Obstructive sleep apnoea is characterised by sympathetic overactivity and hypertension11 suggesting likely efficacy of RDN, as increased sympathetic drive and specifically sympathetic cross-talk between the kidneys and the brain is a primary mechanism hypothesised to be targeted by the procedure.5 And indeed a randomised control trial has shown RDN can reduce blood pressure in hypertensive patients with OSA at 3- and 6-month follow-up,12 suggesting these patients are another cohort that might be suitable candidates for RDN.
There are however patient groups where the cause of hypertension appears to preclude them from being likely candidates for RDN. For instance, patients with hypertension secondary to renal artery stenosis are often excluded from clinical trials in part due to the likelihood of worsening of renal artery stenosis following the procedure.13
A major association exists between structural or functional changes of the kidney and the development of hypertension, and conversely, long-term hypertension can in turn cause chronic kidney disease (CKD) and kidney failure.14 In patients with both hypertension and kidney disease, it sometimes remains difficult to differentiate the exact cause of hypertension in these patients. Despite this, available evidence suggests that RDN is safe and effective to reduce high blood pressure in patients with impaired renal function.15 A detailed discussion on this topic is presented in the following section of “Does renal function matter?”.
In conclusion, although patients with primary hypertension are the primary cohort considered as suitable candidates for RDN, new evidence supports the use of RDN in patients with primary aldosteronism or renal dysfunction (Figure 1). Large multicenter double-blinded sham-controlled clinical trials are warranted to test the effectiveness of RDN in these patient groups.
Figure 1 Considerations in patient selection to predict a better response to renal denervation (RDN)Dear author, please confirm the new copyright note and reference are correct.
Abbreviation: BP, blood pressure.
Note: Adapted from iStock by Getty Images. Vector kidneys illustration stock illustration; 2015 [updated February 25, 2015]. Available from: https://www.istockphoto.com/vector/vector-kidneys-illustration-gm464688692-58892822 Accessed May 10, 2022.106
Does the Severity of Hypertension Matter?
Clinically, hypertension is stratified into three different grades based on the blood pressure level, being Grade 1 with systolic blood pressure (SBP) 140–159 mmHg and/or diastolic blood pressure (DBP) 90–99 mmHg, Grade 2 with SBP 160–179 mmHg and/or DBP 100–109 mmHg and Grade 3 with SBP ≥180 mmHg and/or DBP ≥110 mmHg.16 In many clinical trials of RDN, the blood pressure response in participants with different grades of hypertension has not been adequately reported.5,6,8 Instead, a mean baseline blood pressure level and the final mean blood pressure change after RDN of all participants were reported. For instance, in the DENERHTN trial, a mean reduction of 15.8 mm Hg (95% CI: −19.7 to −11.9) from a baseline level of 155.5 ± 16.4 mmHg in daytime ambulatory SBP at 6 months was reported in the RDN group, whereas a mean reduction of 9.9 mmHg (95% CI: −13.6 to −6.2) from a baseline level of 151.0 ± 16.0 mmHg was observed in the sham group, receiving standardised stepped-care antihypertensive treatment alone.17 Such grouped data mean it is not evident if patients with different degrees of hypertension had a different response to the RDN procedure. Where stratification of pre-RDN blood pressure level is available, the data does suggest that baseline levels of SBP are a predictor of blood pressure response to RDN, with more severe hypertension associated with more pronounced BP-lowering efficacy response to RDN.18–21 For instance, in the work of Rohla et al,20 the change of SBP at 6 months following RDN are 7.06, 0.23, −8.64, −13.56 mmHg respectively, for patients with lowest to highest 4 quartiles of baseline 24 h SBP. In further support of this notion, in a trial of patients with mildly elevated blood pressure (24-hour daytime ambulatory SBP 135–149 mmHg, DBP 90–94 mmHg), RDN failed to produce a significantly different reduction in blood pressure compared to sham groups.22 One explanation for this association is that severe hypertension is aligned with heightened sympathetic tone and is therefore more successfully brought down by RDN.23 Consistent with this hypothesis is that nighttime SBP and variability has predictive value to blood pressure response to denervation,24,25 due to the role of the sympathetic nervous system in maintaining high blood pressure during the nighttime period.26,27 In summary, therefore, pre-RDN blood pressure level may be a reliable indicator for a successful RDN (Figure 1). However, position statements on renal denervation from medical societies including the European Society for Hypertension (ESH),1 Joint UK societies,28 and the SEH-LELHA29 (Spanish Society of Hypertension-Spanish League for Combating High Blood Pressure) do not provide any guidance on the best pre-RDN blood pressure level for patient selection, highlighting the knowledge gap in this area.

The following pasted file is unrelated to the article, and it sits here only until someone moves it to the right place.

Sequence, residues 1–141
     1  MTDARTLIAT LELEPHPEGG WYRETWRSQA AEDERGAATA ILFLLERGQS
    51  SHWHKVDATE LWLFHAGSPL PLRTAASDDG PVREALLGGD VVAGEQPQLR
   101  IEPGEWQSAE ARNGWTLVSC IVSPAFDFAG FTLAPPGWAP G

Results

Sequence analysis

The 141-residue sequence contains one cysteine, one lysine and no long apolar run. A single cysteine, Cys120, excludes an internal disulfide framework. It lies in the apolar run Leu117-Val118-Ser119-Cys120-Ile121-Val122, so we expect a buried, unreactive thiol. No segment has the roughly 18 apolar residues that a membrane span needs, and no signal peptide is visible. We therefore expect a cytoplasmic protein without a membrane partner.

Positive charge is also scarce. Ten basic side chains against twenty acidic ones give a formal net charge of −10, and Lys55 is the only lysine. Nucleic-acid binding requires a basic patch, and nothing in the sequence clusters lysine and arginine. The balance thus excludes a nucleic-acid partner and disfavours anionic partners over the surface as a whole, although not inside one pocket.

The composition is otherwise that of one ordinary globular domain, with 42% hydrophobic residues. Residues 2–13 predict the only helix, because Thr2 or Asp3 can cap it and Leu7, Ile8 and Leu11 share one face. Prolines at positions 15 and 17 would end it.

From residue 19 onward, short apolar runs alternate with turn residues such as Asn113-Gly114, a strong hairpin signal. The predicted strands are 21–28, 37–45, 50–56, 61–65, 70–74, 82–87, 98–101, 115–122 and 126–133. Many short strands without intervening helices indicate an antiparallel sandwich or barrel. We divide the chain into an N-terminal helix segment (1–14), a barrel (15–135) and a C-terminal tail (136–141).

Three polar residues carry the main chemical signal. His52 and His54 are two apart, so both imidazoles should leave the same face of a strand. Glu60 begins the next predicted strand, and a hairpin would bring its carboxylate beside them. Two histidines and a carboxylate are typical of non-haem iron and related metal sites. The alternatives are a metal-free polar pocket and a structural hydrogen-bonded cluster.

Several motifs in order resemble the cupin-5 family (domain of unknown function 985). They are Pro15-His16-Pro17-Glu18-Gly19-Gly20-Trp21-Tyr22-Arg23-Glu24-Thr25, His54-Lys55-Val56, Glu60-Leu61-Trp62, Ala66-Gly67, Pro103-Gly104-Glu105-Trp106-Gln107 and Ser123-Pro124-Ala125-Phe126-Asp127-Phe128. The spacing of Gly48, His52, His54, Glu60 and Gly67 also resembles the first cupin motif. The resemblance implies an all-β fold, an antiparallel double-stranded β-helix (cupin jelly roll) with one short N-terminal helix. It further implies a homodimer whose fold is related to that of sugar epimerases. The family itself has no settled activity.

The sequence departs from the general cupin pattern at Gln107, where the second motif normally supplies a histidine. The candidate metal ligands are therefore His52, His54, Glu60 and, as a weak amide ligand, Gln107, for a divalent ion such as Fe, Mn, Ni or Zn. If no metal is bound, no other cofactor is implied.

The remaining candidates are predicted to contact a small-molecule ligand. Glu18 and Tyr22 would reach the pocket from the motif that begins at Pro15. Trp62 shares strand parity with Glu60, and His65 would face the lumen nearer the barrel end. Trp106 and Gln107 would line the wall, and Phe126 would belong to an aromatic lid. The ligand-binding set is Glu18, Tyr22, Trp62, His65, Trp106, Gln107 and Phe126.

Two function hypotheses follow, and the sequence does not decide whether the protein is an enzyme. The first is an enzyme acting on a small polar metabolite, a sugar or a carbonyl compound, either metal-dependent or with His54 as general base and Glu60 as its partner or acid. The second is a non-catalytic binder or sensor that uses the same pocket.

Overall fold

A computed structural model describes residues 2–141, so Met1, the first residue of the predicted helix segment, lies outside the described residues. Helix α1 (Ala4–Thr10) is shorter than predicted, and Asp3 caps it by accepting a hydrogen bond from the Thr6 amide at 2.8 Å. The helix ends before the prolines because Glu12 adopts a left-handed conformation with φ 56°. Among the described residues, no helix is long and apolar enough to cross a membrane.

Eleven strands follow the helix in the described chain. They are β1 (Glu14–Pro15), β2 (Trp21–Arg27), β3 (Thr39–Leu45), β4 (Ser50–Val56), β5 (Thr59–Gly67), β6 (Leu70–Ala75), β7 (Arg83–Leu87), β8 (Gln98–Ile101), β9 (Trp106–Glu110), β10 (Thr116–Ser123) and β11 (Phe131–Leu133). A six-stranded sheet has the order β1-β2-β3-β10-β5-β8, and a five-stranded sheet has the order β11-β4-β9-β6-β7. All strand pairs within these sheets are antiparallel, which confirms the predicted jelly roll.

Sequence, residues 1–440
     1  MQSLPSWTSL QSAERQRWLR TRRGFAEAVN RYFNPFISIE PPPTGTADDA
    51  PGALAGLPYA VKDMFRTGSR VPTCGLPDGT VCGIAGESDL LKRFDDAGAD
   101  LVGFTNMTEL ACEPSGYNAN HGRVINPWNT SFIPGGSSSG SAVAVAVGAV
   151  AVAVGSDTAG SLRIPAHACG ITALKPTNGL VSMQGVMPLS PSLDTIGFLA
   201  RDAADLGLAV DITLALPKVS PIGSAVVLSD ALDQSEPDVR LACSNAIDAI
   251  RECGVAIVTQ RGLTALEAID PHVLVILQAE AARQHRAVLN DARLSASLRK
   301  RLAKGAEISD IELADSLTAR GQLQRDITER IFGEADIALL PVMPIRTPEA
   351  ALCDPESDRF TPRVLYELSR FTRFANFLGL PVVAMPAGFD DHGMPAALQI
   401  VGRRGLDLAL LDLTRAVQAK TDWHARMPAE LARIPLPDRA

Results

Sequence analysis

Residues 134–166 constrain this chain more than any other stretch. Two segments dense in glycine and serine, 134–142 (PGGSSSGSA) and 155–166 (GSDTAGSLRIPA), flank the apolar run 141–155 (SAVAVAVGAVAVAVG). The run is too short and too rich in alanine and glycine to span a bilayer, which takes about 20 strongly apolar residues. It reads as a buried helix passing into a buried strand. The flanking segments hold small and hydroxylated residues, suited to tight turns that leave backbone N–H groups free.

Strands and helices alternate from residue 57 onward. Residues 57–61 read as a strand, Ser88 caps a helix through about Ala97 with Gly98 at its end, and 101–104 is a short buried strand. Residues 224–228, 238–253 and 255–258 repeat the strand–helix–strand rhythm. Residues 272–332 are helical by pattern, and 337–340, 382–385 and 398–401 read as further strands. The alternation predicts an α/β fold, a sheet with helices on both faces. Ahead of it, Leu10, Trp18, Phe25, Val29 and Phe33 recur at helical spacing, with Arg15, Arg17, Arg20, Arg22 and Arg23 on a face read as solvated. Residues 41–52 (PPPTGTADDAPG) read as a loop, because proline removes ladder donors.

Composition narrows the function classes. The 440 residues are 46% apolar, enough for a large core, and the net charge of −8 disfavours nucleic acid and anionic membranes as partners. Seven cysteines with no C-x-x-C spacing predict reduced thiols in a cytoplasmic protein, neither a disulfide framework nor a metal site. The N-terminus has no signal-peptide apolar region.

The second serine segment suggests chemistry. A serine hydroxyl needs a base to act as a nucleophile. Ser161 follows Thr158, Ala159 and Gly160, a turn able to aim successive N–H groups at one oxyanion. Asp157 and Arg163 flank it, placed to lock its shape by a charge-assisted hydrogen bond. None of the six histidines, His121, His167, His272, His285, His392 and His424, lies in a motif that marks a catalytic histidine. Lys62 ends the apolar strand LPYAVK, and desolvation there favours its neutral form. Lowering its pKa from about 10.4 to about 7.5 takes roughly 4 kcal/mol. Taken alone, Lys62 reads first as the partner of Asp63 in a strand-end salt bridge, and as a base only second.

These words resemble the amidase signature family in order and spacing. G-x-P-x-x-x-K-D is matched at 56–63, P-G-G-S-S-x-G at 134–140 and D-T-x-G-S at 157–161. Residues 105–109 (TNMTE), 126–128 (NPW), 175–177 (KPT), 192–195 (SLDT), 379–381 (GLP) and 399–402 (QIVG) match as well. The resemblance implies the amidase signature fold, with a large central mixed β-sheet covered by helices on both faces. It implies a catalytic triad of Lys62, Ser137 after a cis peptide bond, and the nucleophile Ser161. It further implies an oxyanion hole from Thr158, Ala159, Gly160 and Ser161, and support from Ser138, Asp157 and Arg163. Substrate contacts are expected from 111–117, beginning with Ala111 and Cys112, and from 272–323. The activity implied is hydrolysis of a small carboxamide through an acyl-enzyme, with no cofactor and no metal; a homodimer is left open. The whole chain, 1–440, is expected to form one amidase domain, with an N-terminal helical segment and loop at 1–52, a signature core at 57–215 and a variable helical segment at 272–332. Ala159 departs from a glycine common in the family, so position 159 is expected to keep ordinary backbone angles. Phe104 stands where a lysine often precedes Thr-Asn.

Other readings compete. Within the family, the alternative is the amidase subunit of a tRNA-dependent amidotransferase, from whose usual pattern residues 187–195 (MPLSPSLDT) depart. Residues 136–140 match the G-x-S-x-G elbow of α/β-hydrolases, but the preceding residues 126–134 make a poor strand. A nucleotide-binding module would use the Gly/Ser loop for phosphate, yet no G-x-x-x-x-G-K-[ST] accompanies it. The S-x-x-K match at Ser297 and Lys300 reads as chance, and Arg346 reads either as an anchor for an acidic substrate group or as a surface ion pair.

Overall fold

Does Pharmaceutical Treatment Matter?